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Who can be our peace partners? (Toldot)

The relationships between Abraham, Isaac and Avimelekh offer a crucial message for the Israeli government

Efrat, Israel — And they said, we saw indeed that the Lord was with you and we said: let there now be an oath between us, between us and you, and let us make a covenant with you.
(Gen. 26:28)

On what basis, and with which types of people, can we make peace treaties? A careful reading of the relationships between Abraham, Isaac and Avimelekh — and especially a study of Parshat Toldot — provides a significant answer to these questions, and contains a crucial message for the government of Israel in our time.

Some background: We first meet Avimelekh in Parshat Vayera, when Abraham wandered over to Gerar, the area where Avimelekh ruled. Gerar was the land of the Philistines, which is part of the Divinely-promised borders of Israel. Abraham referred to Sarah as his sister, and she was immediately taken into Avimelekh’s harem—without anyone asking her or her ‘brother’s’ permission [Gen. 20:2].

Clearly, Avimelekh was a lascivious and cruel despot, who certainly would have murdered any husband of Sarah’s. After he was given a dire warning in a dream sent by God, Avimelekh played the innocent victim, asserting that the fault lies with Abraham since he [Avimelekh] acted ‘with purity of heart and innocence of hand’ [ibid. v.5]. Abraham correctly explains: ‘…there is no fear of God in this place, and I would have been murdered because of my wife’ [ibid. v. 11].

Despite Avimelekh’s apparent duplicity as a woman-snatcher and well-stealer [ibid. 26:25], Abraham nevertheless makes a treaty with him. Abraham gives him sheep and cattle, as well as seven more ewes as a sign that he dug the well at Be’er Sheva (literally ‘the well of the oath’). It is remarkable that it is Abraham who does the giving: he receives nothing, although the covenant, the oath, is taken by both of them.

This context brings us to Toldot, where the most important thing we learn from history is that we never learn from history. Now, it is Isaac, Abraham’s son, who is forced by famine to go to ‘Avimelekh, the King of the Philistines, to Gerar’ [ibid. v. 1]. Immediately, the people of the area ask about his wife and—for self-protection— he, too, refers to Rebecca as his sister. We discover that Avimelekh is also a voyeur; he looks into Isaac’s window and sees him ‘playing’ with his wife! Yet again, Avimelekh feigns innocence, calling Isaac the deceiver. ‘What is this that you did to us by claiming she was your sister? One of my people almost slept with your wife!’ [ibid. v. 10]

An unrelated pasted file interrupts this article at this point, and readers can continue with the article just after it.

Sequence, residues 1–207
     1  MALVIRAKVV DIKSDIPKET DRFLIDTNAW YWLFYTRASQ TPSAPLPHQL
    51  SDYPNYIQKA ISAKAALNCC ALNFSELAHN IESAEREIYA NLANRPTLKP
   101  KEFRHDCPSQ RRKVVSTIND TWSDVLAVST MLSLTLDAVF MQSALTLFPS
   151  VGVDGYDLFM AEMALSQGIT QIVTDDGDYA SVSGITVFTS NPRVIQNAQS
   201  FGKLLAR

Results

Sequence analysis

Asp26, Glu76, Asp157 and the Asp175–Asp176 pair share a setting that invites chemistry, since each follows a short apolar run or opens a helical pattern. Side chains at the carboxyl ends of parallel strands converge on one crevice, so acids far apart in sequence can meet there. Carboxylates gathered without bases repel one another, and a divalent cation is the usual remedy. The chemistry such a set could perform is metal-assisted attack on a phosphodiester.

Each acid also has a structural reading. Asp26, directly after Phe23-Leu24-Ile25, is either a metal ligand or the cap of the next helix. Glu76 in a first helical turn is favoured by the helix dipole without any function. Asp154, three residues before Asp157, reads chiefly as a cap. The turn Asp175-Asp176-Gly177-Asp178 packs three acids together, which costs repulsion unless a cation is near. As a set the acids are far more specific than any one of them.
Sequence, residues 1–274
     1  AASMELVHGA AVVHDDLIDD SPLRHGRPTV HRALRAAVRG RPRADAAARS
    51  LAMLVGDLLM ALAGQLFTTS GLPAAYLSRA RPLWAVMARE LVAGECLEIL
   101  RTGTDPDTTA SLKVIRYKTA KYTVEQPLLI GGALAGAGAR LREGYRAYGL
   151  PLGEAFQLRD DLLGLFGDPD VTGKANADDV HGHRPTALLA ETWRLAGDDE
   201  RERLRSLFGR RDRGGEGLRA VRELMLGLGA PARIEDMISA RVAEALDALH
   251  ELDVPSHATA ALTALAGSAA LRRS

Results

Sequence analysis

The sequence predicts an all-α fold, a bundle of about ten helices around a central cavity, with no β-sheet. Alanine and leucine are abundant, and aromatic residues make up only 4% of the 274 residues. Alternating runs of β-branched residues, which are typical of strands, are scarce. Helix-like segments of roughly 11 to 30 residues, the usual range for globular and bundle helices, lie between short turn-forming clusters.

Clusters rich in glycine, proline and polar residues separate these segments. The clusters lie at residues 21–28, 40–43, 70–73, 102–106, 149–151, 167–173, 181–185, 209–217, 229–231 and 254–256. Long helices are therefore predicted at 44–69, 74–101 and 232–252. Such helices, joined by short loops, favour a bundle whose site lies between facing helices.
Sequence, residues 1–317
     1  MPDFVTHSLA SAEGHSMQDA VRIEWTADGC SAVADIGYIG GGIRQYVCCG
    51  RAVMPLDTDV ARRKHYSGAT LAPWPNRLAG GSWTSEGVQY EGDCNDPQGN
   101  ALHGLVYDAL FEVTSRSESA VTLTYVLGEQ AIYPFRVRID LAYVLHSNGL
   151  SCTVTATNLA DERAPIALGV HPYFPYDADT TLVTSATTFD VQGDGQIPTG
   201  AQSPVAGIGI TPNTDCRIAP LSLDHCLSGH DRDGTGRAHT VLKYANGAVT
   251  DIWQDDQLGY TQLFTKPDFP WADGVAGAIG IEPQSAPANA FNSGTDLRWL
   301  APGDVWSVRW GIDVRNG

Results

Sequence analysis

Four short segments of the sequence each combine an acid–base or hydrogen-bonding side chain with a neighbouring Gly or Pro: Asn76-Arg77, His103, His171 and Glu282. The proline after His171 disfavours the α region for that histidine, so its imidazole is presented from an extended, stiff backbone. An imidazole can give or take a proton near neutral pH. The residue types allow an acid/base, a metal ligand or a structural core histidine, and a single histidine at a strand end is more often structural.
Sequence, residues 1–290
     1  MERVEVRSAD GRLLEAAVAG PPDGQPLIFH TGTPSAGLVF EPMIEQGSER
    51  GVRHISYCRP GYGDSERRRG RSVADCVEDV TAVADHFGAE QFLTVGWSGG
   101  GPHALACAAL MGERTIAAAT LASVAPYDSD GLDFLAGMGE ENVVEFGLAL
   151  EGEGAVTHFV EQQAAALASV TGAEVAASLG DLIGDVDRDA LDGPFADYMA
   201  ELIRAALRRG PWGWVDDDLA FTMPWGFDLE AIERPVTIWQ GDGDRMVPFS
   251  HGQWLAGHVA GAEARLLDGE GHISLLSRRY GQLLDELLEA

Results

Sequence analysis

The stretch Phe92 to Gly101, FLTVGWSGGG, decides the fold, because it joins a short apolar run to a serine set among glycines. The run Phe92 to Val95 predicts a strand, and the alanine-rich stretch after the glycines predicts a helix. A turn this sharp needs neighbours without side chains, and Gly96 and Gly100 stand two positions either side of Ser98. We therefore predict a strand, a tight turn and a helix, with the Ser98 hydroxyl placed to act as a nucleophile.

Isaac goes on to amass a vast accumulation of wealth, including cattle, sheep and servants. He is still living in Gerar, ‘And the Philistines were jealous of him’ [ibid. v. 14]. This is the same Avimelekh and these are the same Philistines with whom Abraham made his covenant. Nevertheless, ‘the Philistines stopped up all of the wells which were dug by the servants of his father,’ and Avimelekh forces Isaac to move away because ‘his wealth was amassed from them’ [ibid. v. 16]. Isaac leaves, but nevertheless insists upon re-digging the wells of his father which had been destroyed.

To add insult to injury, Isaac now digs two new wells in his new location—only to have the Philistines arguing with him over the ownership of the water. The finale of this incident is difficult to imagine. After all that has transpired, Avimelekh comes to Isaac flanked by his general Pikhol and ahuzat me-re’ehu—a group of friends—in order to sign another treaty with him. Isaac is understandably surprised, seeing that they have hated him and exiled him.

The fork-tongued Avimelekh argues, ‘we have done only good towards you because we sent you away in peace.’ The Philistine king apparently believes that if a Jew is banished—but is permitted to flee with his life intact—the Jew ought be grateful! And, despite Avimelekh’s history, Isaac has a feast with him and they swear yet another oath together. Isaac now renames the place Be’er Sheva in honor of this second oath-treaty.

Is the Torah teaching us to continue to make treaties, even though our would-be partners have a history of duplicity and treachery? I believe the very opposite to be the case. ‘The actions of the ancestors are repeated in the lives of their children.’ Unfortunately, Jews are always over-anxious to believe that their enemies have become their friends and the leopard has changed its spots.

Just as Abraham is punished for his treaty with Avimelekh, so is Isaac punished for his treaty with Avimelekh. The Land of Israel is too important—and the preservation of a Jewish future is too vulnerable—for us to take risks and make treaties with unconscionable and dishonest rulers. A treaty is only possible when it is made with a partner who, like us, lives in awe of God.

About the Author
A leading voice in the Modern Orthodox world, Rabbi Shlomo Riskin is an educator, social activist and author who serves as Founder and Chancellor of the Ohr Torah Stone network of pioneering men's and women's institutions. He is also Chief Rabbi of Efrat, Israel, and the founding rabbi of Lincoln Square Synagogue in New York City. He earned semicha from Rabbi Soloveitchik at Yeshiva University, and a PhD from NYU. (Photo credit: Chaim Snow)
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